Gina McKee as Goneril is the smooth charmer, the serpentine flatterer: she knows how to look grave and sincere as she butters up her father, a cold sneer towards Cordelia. As she embraces him, McKee sees her youngest sister's weakness and calculates that she doesn't have the guts to be ambitious. She draws Regan into her confidence, and McKee plays her like a virtuoso with her instrument. Goneril is hard-hearted and determined--but when she makes her move on Edmund, she doesn't anticipate the results. McKee unbuttons her dress to give Edmund her necklace, and it awakens her sexuality that she didn't know was sleeping. But as she falls to petty jealousy, we see McKee's commanding Goneril become nothing but a spurned lover who kills herself in desperation, cornered like a small animal.

Even as Goneril stumbles, Regan finds power. Initially Justine Mitchell is too melodramatic to be as successful a manipulator as her sister, and she even seems to have some understanding towards her father until McKee wears her down. She is weak-willed and selfish, and under Goneril's persuasion, she spurns her father. We can see Mitchell's confidence grow, her taste of success in denying Lear inciting a lust for power. Mitchell revels in the torture of seemingly-treacherous Gloucester and laughs when her husband stomps on his cut-out eye. And when she needs a new husband, Regan turns a tendency for weeping to her advantage. Rather than imitating Goneril, Mitchell uses her feminine charms to replace her dead man for a new one.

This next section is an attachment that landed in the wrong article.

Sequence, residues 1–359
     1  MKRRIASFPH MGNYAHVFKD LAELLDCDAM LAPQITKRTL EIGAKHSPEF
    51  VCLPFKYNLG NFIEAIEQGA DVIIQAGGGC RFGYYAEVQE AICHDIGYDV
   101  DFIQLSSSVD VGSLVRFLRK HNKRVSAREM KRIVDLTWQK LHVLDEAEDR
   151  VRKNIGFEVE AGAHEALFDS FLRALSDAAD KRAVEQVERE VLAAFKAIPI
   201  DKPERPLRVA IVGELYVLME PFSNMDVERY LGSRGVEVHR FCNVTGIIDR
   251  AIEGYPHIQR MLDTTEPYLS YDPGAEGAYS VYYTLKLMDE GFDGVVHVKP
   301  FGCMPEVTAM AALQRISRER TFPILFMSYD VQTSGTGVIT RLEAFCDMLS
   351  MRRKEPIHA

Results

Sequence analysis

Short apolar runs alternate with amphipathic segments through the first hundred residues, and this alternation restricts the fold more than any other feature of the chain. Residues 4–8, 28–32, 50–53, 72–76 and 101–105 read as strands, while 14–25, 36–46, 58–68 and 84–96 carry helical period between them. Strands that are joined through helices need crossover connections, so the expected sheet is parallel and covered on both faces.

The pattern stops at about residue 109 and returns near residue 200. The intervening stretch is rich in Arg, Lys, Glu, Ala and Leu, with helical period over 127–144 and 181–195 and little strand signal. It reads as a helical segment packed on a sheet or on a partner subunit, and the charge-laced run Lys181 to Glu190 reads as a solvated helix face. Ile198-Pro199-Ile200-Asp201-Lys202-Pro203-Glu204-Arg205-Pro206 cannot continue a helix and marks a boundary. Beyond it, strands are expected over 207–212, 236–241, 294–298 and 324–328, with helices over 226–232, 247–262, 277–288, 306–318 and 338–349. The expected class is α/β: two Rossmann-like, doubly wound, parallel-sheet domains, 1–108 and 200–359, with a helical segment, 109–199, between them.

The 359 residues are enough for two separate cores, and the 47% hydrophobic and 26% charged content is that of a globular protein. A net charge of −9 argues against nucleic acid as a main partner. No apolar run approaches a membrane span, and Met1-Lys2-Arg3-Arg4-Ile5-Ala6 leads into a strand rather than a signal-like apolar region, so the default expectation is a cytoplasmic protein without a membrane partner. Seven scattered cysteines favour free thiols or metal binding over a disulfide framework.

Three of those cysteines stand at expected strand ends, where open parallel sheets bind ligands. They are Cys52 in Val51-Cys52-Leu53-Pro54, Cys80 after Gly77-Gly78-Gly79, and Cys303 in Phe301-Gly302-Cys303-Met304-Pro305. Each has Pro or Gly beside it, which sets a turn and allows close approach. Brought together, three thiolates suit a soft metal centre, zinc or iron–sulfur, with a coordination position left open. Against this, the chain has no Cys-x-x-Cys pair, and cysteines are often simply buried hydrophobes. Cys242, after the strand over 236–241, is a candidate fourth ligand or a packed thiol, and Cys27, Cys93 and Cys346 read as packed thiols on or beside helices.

Though why either one of them would want Edmund is a bit of a mystery. Alec Newman verges on hysteria; his emotional journey for Edmund starts so high that there's no where for him to go. Instead of coming off as a feckless but clever, irresponsible traitor, his Edmund is like a spoiled bratty child. Though, to be fair, there is some truth in that depiction. In stark contrast to Newman's unrefined look, Gwilym Lee as Edgar looks preppy, in a sweater tie and slacks before he becomes the haggard Poor Tom. Lee is a very fine actor: clean-cut Edgar starts as an extreme pacifist, not even willing to participate in the fake sword fight that Edmund engineers. We can see the contrast of when he is Edgar playing mad Poor Tom and when he is himself; yet as he transitions out of his disguise and regains his strength, we can see that he is changed by the experience--for good or for ill. Of course, it is really poor Gloucester who gets our sympathies: the notable Paul Jesson, so ignorant of the politics around him, at one point puts on his reading glasses but has no idea how little he sees.

There are many other cast members who help round out this wonderful production. An arrogant Cornwall (Gideon Turner) is handsome but cruel, throwing one of Gloucester's bloody eyes against the wall after cutting it out. Albany (Tom Beard) is a voice of reason but too late in recognizing the mire surrounding him. Pippa Bennett-Warner as Cordelia is bright but honest, not knowing that it makes her a target in a court of fools and liars. In several different moments, it looks as if she almost takes it back, for she would rather be kind than strong-willed. There is no reverse, but when Cordelia sees Lear again, after he is worn down by his madness and stormy passage, Bennett-Warner forgives all wounds. Kent (Michael Hadley) has an admirable and fiery dedication that one audience member remarked after as "beatific sacrifice." Ron Cook as the Fool has great comedic timing, milking the text and his fellow actors for all they've got. But as Lear becomes truly mad, Cook is slighted, the Fool replaced by Poor Tom at the king's side, and he leaves with a saddened look of finality on his face. He is never seen again.

Some audience members were vaguely uncomfortable at first, laughing so much in King Lear. But Grandage doesn't do it lightheartedly; rather he exploits the text for laughs to heighten the absolute tragedy. For "with great power comes great responsibility"--a lesson that King Lear should take to heart.